Max Campbell knew that he had always loved hockey. Wondering just how far he might go, however – well, that’s a much more recent phenomenon.
The speedy 15 year-old forward recalls playing recreational hockey with his older brother Jack, perhaps with the Long Lake Thunder, and most certainly at a time when even considering extending his career beyond the minor hockey ranks was completely foreign to him.
“I don’t think I was anything special; I don’t think I stood out that much,” suggested Campbell, pondering the notion of any kind of natural athletic kinship to the Canadian winter pastime.
Working early on with the likes of Barry McCrory and his weekend hockey school and much more recently with Rob Dmytruk and the crew at Chiseled Hockey, the grade 10 student at St Benedict CSS would begin to forge an identity on the ice, one that was linked closely to the skill most will concede is now at the very heart of the game itself.
“I think I was always a decent skater, but being out on the ice a lot, training simple edge work drills, that really helped me,” said Campbell. “I like to use my speed to burn around the D – and I think I’m a pretty smart player. I can make good passes and smart plays. When I was younger, I couldn’t really do those things that much.”
If the first 18 months of the pandemic essentially put most everything on hold for the young hockey prospects in and around the age of Max Campbell, the period that would see the gradual easing of the Covid-19 restrictions really opened the eyes of the ultra polite young man who is now playing a leading role with the Sudbury U16 AAA Nickel Capitals.
“I had a little bit of a breakout year last year, where I really started to pick it up and show my skill set,” he said. “Near the end of last year and into this year, I realized that I might have a chance of doing something, so I really have to work for it.”
That said, Campbell is equally aware that absolutely nothing is guaranteed at this point. All he can do, truthfully, is put his head down and put in the work, looking to find a way to still impact the game in a positive way, contributing to the success of his team while standing (currently) 5’8” in height – certainly not amongst the tallest members of his squad.
“Going into grade seven, I was still under five feet – I was really small,” Campbell said with a smile. “Obviously body checking (introduced at U14) has a big effect; I had to switch things up. Against a bigger guy, I need to know not to go as fast as I can right into him because he is probably going to nail me.”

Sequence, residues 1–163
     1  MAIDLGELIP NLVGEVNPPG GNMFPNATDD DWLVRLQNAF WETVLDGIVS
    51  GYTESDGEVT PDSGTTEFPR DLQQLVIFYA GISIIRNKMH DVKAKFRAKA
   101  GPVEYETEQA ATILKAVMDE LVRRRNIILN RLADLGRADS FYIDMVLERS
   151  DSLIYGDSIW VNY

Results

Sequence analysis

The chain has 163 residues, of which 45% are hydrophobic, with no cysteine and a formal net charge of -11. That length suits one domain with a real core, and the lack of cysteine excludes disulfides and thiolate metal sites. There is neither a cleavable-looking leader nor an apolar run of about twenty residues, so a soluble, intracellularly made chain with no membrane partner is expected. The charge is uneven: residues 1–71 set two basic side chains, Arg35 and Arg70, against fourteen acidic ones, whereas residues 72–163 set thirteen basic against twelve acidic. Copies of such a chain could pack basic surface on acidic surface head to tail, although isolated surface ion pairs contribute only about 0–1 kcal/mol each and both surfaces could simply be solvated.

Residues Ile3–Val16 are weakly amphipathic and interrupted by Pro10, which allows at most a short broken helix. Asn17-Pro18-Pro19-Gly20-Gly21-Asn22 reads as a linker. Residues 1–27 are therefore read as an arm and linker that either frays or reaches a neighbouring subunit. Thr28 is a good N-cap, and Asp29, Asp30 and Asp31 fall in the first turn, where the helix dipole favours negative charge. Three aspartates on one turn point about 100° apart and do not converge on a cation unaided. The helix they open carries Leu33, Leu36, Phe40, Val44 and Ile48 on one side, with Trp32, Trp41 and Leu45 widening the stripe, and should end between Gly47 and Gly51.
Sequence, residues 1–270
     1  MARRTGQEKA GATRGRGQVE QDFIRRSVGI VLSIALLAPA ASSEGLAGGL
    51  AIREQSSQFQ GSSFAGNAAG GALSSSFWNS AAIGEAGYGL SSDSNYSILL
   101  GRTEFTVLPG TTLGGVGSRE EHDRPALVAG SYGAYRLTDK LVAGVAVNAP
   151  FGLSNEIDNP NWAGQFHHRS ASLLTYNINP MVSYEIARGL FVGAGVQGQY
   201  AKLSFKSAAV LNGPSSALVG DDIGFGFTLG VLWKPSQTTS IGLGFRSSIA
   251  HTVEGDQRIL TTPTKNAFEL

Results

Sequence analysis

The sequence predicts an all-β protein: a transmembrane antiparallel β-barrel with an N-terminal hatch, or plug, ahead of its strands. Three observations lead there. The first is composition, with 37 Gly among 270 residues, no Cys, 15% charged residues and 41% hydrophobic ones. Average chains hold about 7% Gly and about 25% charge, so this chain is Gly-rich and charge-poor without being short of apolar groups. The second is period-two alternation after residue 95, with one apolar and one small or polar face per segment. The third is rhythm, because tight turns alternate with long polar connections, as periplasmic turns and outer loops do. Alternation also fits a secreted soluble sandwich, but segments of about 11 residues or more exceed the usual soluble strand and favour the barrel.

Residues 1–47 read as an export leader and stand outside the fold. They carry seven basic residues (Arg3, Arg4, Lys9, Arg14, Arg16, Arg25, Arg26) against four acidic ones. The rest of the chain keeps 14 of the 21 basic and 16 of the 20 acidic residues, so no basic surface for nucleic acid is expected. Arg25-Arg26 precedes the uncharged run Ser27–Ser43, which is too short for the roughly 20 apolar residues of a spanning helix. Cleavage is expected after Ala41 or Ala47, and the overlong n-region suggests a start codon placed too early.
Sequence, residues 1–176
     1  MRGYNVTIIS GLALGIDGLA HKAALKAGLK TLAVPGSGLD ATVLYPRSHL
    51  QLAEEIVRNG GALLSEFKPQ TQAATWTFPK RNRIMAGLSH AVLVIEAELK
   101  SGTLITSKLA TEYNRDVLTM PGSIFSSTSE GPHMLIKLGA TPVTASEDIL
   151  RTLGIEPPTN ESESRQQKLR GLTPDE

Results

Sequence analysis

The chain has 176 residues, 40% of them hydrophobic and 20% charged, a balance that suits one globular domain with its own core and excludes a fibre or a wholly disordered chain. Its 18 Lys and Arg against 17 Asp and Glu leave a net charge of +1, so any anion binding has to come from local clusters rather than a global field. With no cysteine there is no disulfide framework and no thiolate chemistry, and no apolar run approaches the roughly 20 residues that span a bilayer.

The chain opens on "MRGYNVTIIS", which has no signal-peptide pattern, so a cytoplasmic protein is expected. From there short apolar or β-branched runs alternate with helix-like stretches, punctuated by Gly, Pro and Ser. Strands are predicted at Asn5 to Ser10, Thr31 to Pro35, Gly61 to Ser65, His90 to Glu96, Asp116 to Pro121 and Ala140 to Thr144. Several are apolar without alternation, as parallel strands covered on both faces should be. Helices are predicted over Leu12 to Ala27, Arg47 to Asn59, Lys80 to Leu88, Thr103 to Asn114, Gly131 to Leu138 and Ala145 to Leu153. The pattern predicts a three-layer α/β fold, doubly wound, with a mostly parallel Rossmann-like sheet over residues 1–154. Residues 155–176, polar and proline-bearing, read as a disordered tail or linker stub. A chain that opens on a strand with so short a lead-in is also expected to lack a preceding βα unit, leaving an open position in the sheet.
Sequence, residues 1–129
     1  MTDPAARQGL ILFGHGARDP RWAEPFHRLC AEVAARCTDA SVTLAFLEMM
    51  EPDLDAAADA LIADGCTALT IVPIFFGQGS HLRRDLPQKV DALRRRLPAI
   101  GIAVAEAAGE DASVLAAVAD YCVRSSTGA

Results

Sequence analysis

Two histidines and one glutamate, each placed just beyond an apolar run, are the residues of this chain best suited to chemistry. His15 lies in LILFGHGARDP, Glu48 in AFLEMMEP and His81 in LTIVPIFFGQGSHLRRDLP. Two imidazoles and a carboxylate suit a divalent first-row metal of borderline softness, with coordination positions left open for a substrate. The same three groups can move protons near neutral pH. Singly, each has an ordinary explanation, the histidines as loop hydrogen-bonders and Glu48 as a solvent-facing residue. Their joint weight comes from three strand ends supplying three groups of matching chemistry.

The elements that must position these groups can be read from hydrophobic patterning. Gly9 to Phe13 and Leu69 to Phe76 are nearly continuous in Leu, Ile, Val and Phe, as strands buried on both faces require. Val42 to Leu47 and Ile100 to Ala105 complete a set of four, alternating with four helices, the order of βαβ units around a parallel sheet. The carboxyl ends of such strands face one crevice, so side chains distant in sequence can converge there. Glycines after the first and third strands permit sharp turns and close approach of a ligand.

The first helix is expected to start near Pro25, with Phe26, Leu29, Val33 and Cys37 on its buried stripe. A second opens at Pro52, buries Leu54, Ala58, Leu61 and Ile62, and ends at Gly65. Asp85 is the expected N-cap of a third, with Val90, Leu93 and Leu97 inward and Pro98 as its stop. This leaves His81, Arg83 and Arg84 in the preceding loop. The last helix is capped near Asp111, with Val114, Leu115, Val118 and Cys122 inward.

“I have to work around that and use my speed more.”
Equally as important, however, especially as a centreman more often than not, are the defensive responsibilities that come part and parcel of the position. “I think I am good at picking up the opposing centreman,” he said. “I try and make sure that he’s not one of those guys just wandering around.”
“I need to stay on him – and staying on the defensive side of the puck is also huge.”
There are few, if any, of the young lads playing U16 AAA hockey in Ontario that are immune to the pressure of the OHL Entry Draft – regardless of whether they believe their chances of being selected are outstanding or remote. Still, Campbell tries to deal with it, as best that he can.
“When I am on the ice, I just play my game, don’t worry about everybody that is watching,” he said. “That’s how I am going to have the most success.”
Well, that and playing to his strengths, those assets that see him leading the league with nine goals and eleven assists through the opening 11 games of the Great North U18 AAA Hockey League season.
“As a smaller guy, I have to show that I will get into the dirty areas,” said Campbell. “I find that I get noticed with my skating, quite a bit, and my smarts.”
And that definitely wasn’t always the case.